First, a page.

Rhonda said running is a time to get in her head, listen to podcasts or music, or be with friends in her running community. And the end of every race now, she thinks of her three butterflies, living in the moment. It fills her with joy, chasing them, on the trails.
Lizette and Rhonda were hoping to revise their race leg a bit to include a run past Concordia to see their students, and catch the River Greenway Trail along the St. Joe River. As I watched them brainstorming the route I couldn’t help but notice how in the moment they were. Like butterflies, enjoying life in a little sunny spot on a fall morning.
Fundraising Event September 26
Shown Exclusively September 27- September 29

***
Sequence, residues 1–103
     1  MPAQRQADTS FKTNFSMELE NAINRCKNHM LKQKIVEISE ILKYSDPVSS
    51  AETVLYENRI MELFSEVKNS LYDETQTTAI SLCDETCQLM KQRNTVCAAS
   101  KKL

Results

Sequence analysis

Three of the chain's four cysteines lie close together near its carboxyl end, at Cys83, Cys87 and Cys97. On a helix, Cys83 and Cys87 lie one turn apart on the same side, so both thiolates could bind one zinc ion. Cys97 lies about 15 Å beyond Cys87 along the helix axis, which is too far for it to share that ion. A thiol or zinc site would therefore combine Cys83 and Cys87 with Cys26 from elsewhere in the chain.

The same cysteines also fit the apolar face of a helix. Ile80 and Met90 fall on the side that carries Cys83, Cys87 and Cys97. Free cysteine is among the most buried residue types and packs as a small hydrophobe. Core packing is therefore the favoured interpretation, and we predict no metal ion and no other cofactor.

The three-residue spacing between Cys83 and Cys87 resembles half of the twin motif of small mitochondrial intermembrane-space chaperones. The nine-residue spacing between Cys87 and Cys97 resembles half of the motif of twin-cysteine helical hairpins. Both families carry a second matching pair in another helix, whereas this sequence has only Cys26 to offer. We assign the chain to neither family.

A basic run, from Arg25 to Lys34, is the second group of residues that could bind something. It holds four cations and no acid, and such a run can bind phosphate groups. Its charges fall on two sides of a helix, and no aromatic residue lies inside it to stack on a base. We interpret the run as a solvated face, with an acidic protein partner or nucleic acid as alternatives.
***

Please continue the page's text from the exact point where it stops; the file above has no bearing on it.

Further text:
Ay Mariposa tells a story of three characters in the Lower Rio Grande Valley of Texas whose lives are upended by plans to build a US-Mexico border wall. As the director of the National Butterfly Center, Marianna Trevino Wright has become a leader of wall resistance in the Valley, a position that has resulted in violent threats from pro-wall factions and an emotional odyssey as she tries to navigate the ever-shifting sands of border policy. Zulema Hernandez, a life-long migrant worker, immigrant and great grandmother, has been a dedicated advocate for all migrants, both wild and human-kind. Meanwhile the butterfly, la mariposa, fights its own daily battle for survival in a landscape where more than 95 percent of its habitat is long gone and much of what remains lies directly in the path of the wall.
Ay Mariposa documents each characters’ fierce commitment to home, justice, wild beauty and the future of the US-Mexico borderlands.
Fundraising Event September 26 at 7PM – General Admission: $15
NR | 57 Mins | Documentary